Europe's Troubled Peace: 1945 to the Present

Europe's Troubled Peace: 1945 to the Present

Europe's Troubled Peace: 1945 to the Present

Europe's Troubled Peace: 1945 to the Present

Synopsis

This revised second edition now extends to the end of the first decade of the twenty-first century, covering the financial crisis and the related crisis in European integration, the impact of the "War on Terror" on Europe, and the redefinition of Europe following EU enlargement.

  • Thoroughly revised and expanded, this integrated history of Europe now covers the end of the Second World War up to the end of the first decade of the twenty-first century
  • Includes new sections on immigration and ethnicity in Europe after the Cold War, and the role of historical memory in contemporary Europe
  • A final new chapter assesses the role of Europe within the wider world of the twenty-first century, the financial crisis and the related crisis in European integration, the impact of the "War on Terror" on Europe, and the redefinition of Europe following EU enlargement
  • Covers the history of central and eastern Europe in depth, as well as that of Western Europe
  • Discusses in detail the impact of the Cold War across the continent

Excerpt

In January 1995 the French President François Mitterrand, close to the end of his second term of office and, indeed, of his own remarkable life, made an emotional valedictory address to the European Parliament. He reminded the assembled MEPs of how World War II had brought “grief, the pain of separation, the presence of death – all as a result of the mutual enmity of the peoples of Europe.” He went on to lay the blame for such suffering squarely on the nationalistic sentiments endemic in Europe at a time when “everyone saw the world from his or her own viewpoint, and… those viewpoints were generally distorting.” Mitterrand praised those who, after the war, had been able to envisage a “more radiant future… based on peace and reconciliation.” Yet he concluded by appealing to Europeans to continue the struggle to overcome their past, and warned that “nationalism means war!” A few years earlier his peroration might have seemed fanciful; yet now western Europe was witnessing, as a rather forlorn observer, precisely such a devastating war of rival nationalisms in the former Yugoslavia (1991–5). In the mid-1990s imagery of “ethnic cleansing” in Bosnia, and even of starving prisoners in camps, uncomfortably connected Europe’s present with the problems of its recent past.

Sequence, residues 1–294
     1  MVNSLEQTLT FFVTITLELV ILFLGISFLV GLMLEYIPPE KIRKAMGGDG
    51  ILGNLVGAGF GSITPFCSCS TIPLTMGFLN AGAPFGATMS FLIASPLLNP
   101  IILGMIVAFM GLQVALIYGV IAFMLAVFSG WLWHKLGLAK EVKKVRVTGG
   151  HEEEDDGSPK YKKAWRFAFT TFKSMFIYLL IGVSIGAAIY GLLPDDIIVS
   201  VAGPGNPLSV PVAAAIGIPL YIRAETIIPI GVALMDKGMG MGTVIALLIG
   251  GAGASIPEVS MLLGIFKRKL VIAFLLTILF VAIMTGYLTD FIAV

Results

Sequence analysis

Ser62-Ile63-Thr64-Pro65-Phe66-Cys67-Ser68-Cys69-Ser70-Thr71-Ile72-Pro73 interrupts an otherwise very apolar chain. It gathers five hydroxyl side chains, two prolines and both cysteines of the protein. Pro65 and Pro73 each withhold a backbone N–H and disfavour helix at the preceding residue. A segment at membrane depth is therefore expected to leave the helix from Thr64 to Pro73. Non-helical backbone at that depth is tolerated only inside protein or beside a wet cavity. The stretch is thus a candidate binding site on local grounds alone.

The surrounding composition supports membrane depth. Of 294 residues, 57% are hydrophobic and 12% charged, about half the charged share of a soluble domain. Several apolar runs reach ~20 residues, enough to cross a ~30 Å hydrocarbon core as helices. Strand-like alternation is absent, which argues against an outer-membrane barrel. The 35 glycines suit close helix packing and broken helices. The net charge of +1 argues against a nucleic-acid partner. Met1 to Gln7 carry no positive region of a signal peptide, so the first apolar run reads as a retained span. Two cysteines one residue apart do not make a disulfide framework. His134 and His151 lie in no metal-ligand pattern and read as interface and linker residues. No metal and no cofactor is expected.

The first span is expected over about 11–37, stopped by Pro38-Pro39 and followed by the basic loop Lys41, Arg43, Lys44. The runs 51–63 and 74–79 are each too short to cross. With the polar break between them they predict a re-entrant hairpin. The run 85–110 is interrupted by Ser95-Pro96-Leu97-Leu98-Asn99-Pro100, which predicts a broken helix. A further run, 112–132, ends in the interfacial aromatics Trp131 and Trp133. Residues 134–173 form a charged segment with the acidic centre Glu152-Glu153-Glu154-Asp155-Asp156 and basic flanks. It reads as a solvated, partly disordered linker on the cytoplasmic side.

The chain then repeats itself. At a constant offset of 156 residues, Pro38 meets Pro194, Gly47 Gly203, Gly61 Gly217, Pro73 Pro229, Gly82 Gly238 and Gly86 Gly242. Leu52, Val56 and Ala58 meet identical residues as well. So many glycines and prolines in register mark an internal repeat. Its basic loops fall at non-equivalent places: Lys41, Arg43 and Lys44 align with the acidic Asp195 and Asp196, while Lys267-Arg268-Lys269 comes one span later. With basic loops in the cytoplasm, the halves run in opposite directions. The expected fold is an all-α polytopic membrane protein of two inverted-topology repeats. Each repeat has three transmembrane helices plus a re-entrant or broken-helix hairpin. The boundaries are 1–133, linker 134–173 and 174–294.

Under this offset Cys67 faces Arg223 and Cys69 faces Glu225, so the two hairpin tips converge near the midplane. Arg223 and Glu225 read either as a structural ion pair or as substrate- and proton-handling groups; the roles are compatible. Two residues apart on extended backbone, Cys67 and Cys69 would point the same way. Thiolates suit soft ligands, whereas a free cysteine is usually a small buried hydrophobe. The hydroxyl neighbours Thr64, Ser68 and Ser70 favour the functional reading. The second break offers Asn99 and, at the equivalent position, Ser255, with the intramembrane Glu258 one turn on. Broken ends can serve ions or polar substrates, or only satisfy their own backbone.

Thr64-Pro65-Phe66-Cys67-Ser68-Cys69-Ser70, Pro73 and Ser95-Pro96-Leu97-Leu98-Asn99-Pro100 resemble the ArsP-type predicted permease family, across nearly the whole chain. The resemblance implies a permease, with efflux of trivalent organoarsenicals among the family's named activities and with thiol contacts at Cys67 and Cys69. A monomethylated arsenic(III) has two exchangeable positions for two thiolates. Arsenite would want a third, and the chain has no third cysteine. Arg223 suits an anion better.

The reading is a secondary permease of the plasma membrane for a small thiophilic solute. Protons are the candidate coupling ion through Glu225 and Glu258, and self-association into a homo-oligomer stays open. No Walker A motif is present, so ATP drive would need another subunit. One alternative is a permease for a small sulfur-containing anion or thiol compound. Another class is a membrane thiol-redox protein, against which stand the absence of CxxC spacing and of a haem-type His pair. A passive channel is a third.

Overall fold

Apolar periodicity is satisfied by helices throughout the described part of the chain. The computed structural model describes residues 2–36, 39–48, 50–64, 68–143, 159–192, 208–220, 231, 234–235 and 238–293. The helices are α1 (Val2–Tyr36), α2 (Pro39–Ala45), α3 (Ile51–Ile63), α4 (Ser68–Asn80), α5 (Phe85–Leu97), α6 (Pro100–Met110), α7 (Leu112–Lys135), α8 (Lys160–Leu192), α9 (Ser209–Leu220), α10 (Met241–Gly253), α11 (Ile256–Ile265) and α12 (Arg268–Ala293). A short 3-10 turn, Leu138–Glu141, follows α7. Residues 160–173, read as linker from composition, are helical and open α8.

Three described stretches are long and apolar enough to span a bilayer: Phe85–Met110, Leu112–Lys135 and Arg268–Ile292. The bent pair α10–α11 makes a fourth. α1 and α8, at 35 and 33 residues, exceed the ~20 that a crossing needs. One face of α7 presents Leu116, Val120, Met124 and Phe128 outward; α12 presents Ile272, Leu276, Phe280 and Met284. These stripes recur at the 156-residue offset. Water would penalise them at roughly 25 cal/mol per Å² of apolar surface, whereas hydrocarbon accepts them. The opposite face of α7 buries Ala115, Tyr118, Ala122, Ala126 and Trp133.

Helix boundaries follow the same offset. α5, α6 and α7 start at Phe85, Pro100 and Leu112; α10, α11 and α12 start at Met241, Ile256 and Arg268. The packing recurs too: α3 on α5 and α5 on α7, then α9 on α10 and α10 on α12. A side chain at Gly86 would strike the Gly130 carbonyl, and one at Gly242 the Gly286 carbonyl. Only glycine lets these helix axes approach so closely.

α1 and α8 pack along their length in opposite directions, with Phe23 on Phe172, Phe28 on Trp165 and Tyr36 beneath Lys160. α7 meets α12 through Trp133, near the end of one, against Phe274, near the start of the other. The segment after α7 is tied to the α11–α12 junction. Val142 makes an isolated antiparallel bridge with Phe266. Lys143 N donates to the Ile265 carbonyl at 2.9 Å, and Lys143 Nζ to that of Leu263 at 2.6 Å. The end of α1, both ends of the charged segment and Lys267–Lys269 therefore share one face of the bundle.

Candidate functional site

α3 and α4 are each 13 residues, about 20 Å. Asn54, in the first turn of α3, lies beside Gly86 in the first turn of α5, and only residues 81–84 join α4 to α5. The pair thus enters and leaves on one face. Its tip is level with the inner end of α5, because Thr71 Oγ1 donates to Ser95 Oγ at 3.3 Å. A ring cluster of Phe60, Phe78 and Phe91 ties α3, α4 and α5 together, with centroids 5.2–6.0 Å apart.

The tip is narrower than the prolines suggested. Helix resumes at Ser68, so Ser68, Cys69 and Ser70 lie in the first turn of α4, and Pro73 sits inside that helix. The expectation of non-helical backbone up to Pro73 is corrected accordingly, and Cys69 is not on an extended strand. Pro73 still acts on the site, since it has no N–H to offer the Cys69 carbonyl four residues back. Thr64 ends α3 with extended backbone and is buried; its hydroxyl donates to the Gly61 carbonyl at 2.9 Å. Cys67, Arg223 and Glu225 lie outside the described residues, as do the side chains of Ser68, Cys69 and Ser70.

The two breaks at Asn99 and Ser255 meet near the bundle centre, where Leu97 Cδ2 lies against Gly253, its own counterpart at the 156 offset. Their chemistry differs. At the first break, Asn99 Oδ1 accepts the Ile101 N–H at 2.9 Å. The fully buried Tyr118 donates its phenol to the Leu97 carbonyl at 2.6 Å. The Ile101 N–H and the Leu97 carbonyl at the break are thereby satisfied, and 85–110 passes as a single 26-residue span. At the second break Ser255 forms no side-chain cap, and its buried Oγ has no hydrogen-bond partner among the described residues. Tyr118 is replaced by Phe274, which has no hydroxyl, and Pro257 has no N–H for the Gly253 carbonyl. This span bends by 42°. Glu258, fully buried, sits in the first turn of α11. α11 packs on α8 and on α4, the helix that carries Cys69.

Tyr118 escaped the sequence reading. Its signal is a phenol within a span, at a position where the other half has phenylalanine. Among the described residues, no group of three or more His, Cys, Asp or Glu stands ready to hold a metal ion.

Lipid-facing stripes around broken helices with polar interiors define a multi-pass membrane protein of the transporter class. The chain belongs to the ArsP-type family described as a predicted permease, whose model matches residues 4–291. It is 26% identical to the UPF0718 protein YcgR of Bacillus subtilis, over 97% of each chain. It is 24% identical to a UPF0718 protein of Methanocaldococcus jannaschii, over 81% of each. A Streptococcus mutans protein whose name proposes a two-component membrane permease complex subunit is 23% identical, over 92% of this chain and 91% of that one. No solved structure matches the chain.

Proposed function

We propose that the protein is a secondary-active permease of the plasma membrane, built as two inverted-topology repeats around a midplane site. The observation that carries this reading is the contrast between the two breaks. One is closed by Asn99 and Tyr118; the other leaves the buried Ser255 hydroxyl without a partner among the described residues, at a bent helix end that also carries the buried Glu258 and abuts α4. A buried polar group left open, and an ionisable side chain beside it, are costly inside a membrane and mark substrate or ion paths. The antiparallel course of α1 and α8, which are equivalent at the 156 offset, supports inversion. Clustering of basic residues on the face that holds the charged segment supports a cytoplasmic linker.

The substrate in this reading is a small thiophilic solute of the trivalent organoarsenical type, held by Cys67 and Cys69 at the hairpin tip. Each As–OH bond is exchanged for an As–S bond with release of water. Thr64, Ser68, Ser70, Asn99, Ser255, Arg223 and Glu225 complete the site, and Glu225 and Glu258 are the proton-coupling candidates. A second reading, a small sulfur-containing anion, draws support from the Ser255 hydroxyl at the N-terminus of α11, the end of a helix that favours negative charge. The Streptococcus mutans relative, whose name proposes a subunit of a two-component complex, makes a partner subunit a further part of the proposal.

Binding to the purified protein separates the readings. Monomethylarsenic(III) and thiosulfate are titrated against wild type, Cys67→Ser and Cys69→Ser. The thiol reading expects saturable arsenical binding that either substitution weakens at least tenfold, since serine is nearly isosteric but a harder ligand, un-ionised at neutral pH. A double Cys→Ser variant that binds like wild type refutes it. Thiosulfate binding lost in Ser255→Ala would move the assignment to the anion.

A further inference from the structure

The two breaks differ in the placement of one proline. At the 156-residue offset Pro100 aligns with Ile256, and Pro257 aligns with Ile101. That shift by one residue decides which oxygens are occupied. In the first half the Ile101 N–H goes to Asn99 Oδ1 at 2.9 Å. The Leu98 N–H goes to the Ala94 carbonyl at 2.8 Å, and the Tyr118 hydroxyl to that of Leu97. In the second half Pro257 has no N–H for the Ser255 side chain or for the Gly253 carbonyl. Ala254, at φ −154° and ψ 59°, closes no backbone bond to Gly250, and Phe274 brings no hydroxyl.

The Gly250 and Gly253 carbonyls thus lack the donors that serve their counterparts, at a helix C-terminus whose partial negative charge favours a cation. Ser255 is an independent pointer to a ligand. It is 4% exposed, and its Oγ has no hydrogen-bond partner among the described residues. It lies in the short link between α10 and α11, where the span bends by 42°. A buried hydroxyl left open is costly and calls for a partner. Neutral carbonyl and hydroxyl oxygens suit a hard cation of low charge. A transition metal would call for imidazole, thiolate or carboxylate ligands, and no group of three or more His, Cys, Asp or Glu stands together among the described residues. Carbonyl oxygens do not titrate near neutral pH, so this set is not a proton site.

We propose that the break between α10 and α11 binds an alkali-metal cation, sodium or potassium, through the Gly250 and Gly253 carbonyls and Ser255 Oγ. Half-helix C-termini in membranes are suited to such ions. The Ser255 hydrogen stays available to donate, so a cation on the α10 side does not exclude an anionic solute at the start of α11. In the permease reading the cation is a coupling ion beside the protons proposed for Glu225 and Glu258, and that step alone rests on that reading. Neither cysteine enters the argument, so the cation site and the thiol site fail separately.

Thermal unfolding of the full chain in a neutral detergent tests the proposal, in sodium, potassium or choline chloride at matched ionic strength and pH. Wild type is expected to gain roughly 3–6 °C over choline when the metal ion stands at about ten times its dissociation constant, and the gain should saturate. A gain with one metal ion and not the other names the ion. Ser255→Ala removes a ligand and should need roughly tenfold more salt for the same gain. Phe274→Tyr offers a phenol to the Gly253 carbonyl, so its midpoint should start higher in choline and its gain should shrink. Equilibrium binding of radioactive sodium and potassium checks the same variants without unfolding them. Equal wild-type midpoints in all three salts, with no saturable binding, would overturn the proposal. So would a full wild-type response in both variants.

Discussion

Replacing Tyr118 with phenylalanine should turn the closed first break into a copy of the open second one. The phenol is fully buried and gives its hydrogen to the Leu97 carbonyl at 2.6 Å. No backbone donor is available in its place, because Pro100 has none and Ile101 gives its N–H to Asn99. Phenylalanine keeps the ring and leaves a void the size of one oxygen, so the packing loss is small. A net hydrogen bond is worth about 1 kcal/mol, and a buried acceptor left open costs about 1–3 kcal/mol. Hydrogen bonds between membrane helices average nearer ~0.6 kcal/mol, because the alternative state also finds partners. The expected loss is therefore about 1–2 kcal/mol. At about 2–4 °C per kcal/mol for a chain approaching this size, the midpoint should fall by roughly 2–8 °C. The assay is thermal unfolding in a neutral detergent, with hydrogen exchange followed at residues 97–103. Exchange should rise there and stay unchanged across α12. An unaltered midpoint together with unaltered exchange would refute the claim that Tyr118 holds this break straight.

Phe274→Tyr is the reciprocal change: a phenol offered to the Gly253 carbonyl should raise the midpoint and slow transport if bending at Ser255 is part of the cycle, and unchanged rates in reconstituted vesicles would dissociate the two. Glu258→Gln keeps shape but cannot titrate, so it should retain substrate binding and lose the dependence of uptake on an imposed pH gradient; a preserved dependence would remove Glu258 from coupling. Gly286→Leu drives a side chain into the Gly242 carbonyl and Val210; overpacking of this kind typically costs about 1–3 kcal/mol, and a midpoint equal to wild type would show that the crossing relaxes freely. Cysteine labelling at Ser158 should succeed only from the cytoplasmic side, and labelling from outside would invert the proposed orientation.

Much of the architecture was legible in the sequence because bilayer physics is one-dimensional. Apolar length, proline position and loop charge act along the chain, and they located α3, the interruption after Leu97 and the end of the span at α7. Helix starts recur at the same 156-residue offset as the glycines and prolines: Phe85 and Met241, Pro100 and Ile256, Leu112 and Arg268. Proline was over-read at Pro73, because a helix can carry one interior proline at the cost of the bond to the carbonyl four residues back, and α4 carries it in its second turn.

Mitterrand spoke for a generation that had either participated in the war or whose lives had been directly affected by it (a group that included most leading European statesmen and women well into the 1980s). By their standards, the history of Europe since 1945 could well be viewed as a triumph, not so much in terms of the remarkable growth and diffusion of prosperity, but simply in terms of the avoidance of the war, dictatorship and mass killing which had plagued the continent between 1914 and 1945. But peace is, of course, more than simply the avoidance of war, and the long peace of the decades after 1945 rested on the deliberate creation of new institutional arrangements that made war between west European states unimaginable. In the course of the 1990s these arrangements began to be extended to include central Europe as well. This does not mean that . . .

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